CNET también está disponible en español.

Ir a español

Don't show this again

Water on the moon Microsoft Surface Duo Stimulus negotiators MagSafe accessories iPhone 12 and 12 Pro review Obi-Wan Kenobi Disney Plus show Murder hornet nest

Live: Barnes & Noble debuts its Nook

The bookseller launches its Kindle rival at an event at the Chelsea Piers. As expected, the e-reader has a dual-screen display and will sell for $259.

NEW YORK--As nearly everyone already knows, Barnes & Noble is officially entering the e-reader business on Tuesday with the launch of the Nook, a $259 device with an e-ink display as well as a secondary color touch screen.

I'm on hand at the Chelsea Piers event to provide live coverage and share whatever surprises might be remaining.

4 p.m. EDT: The event hasn't started, but I can tell you all of the rumors and leaks are basically true. It looks like what you think, and you will be able to lend e-books to a friend who can read it on their Nook or other device compatible with Barnes and Noble's software.

Also, there are some high-fashion cases from Kate Spade New York and Jonathan Adler.

Barnes & Noble

4:20 p.m. EDT: Things are about to get started.

4:23 p.m. EDT: Barnes & Noble CEO Steve Riggio kicks things off, noting company's entire management team and some of its directors are at the event.

4:25 p.m. EDT: Riggio noted that the company has innovated in the past, re-imagining the college bookstore, becoming the first major bookseller to discount and then moving online, including being the first to offer e-books (an effort it abandoned several years later).

Books, he said, are still a huge market, bigger than music, Riggio noted. "This industry that we are all a part of is still a huge industry."

Launch of software in July was first step to e-books, he said. Today, is the second step.

4:30 p.m. EDT: "Thank you for bearing the Obama blockade to get here," William Lynch, president of Barnes & President Obama is going to be at Columbus Circle this afternoon for an event, leading to extra traffic snarls in the area.

Lynch leads a technology team based in Palo Alto, Calif. Notes that they have had over a million downloads since they launched their e-book store in July. Lynch gives a nod to the Que, the large screen Plastic Logic device due out next year. Barnes & Noble is powering the Que's book store.

4:35 p.m. EDT: "Simply following the leader is not in our DNA," Lynch said, introducing the Nook. Rolls video with some of the details--It supports PDF, uses AT&T's wireless network, can be customized with photos.

4:37 p.m. EDT: Can choose up to five fonts, 2GB of memory on board with Micro SD slot. Nook owners can add pictures, music and personal documents. Use of touchscreen and Android means new features can be added over time.

"LendMe" technology lets users lend a book for up to two weeks from one Nook to another. They demo using Malcolm Gladwell's "The Tipping Point." Mid-demo, Gladwell comes on stage in person and starts reading from his book.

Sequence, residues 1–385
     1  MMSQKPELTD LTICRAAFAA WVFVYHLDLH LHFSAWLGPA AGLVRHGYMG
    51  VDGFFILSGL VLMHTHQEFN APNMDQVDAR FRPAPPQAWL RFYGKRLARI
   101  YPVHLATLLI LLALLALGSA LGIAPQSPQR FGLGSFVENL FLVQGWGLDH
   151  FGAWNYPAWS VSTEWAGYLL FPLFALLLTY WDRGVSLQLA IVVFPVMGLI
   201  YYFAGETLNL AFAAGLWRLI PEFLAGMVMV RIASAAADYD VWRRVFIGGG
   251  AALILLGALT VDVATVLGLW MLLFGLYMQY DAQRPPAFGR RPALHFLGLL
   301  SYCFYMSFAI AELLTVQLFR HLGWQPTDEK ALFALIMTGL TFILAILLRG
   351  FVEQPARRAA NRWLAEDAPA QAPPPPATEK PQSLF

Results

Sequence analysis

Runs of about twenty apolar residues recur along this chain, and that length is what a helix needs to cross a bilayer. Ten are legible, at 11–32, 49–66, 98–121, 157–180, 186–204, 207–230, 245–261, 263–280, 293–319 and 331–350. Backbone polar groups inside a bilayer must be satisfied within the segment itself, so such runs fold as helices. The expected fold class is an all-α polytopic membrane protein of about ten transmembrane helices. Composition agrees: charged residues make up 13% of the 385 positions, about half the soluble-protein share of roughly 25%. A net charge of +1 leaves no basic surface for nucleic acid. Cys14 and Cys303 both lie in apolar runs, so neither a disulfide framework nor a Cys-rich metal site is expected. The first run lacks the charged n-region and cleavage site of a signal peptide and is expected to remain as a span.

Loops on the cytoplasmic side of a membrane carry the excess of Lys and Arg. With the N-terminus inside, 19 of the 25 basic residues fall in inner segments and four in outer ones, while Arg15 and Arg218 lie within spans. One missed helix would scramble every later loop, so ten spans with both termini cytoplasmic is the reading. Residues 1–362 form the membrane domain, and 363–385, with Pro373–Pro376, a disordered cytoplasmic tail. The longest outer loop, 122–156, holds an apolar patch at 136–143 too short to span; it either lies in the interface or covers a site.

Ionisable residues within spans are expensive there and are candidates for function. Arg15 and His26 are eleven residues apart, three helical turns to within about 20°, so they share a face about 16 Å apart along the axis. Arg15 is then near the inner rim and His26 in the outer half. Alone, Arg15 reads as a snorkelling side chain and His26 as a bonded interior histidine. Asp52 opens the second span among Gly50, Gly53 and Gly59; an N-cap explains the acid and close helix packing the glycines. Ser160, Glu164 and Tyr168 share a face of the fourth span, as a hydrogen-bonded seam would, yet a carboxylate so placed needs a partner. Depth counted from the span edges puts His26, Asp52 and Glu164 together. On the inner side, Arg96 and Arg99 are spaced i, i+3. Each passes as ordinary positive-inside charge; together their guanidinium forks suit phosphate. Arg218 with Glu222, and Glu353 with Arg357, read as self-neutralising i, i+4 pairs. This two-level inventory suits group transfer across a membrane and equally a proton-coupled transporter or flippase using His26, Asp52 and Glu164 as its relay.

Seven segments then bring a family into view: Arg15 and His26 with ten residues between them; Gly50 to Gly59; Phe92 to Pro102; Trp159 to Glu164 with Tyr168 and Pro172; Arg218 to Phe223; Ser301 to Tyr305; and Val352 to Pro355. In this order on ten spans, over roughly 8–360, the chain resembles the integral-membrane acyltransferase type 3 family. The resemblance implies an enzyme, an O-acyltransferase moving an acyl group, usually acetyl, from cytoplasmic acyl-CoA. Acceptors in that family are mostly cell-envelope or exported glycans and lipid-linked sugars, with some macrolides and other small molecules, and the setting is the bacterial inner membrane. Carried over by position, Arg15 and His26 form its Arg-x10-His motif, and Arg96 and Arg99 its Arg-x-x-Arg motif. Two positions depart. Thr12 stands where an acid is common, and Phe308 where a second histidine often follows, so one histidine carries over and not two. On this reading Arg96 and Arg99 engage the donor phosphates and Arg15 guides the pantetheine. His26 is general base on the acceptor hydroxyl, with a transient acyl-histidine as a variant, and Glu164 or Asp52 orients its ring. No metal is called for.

"Just to be clear Malcolm Gladwell does not come with the book," one executive quipped. However early Nook customers will get a free copy of "The Tipping Point" with their e-reader.

4:45 p.m. EDT: Riggio notes Nook will be sold in all Barnes & Noble stores this holiday season, adding that the retail stores will be a huge advantage, with its 40,000 store workers serving as ambassadors to help customers understand e-books. In-store users will be able to browse complete e-Books in store at the stores over the Nook's built in Wi-Fi.

4:46 p.m. EDT: Pre-orders begin tonight online and soon in stores, but device itself won't be in stores and ship until the end of November. As mentioned, it will cost $259.

4:47 p.m. EDT: Riggio promises more to come. "We're going to blow you away with what we've got in store in the future," Riggio said.

4:48 p.m. EDT: Formal event is over, but there is a media Q and A, so we'll try and find out about Web browsing, apps and other questions.

5:00 p.m. EDT: Got some answers.

No Web browser: We think browsers on e-ink are a really clumsy experience," said Lynch.

As for apps, nothing to announce today, but the company did choose Android in part because it liked fact that lots of people were developing for Android.

"It's not lost on us there will be a lot of development on Android," Lynch said.

Lending does work from Nook to other devices, as I indicated earlier. However, they noted that some books are lendable and others are not, per the wishes of the publishers.

The Nook supports PDF and ePub formats, as well as legacy Fictionwise, but not, Microsoft Word.

Wi-Fi is only in the store, for now, to allow streaming and free content.

5:09 p.m. EDT: More from the Q and A session.

The touch screen is capacitive, similar to the iPhone. Library e-books could be side loaded onto the Nook if they are in PDF or ePub format.

"We're committed to being extremely competiitve on e-Book pricing, whatever that means," Lynch said.

Lending works similar to in the physical world. If you have lent a book to someone else, you don't have access to it while it has been lent.

5:13 p.m. EDT: The company is exploring creating an e-Reader application for other Android devices and also plans to support Windows Mobile.

Lynch said that the company has also been talking with publishers about the notion of bundling where those that buy a physical book would also be able to get a digital copy.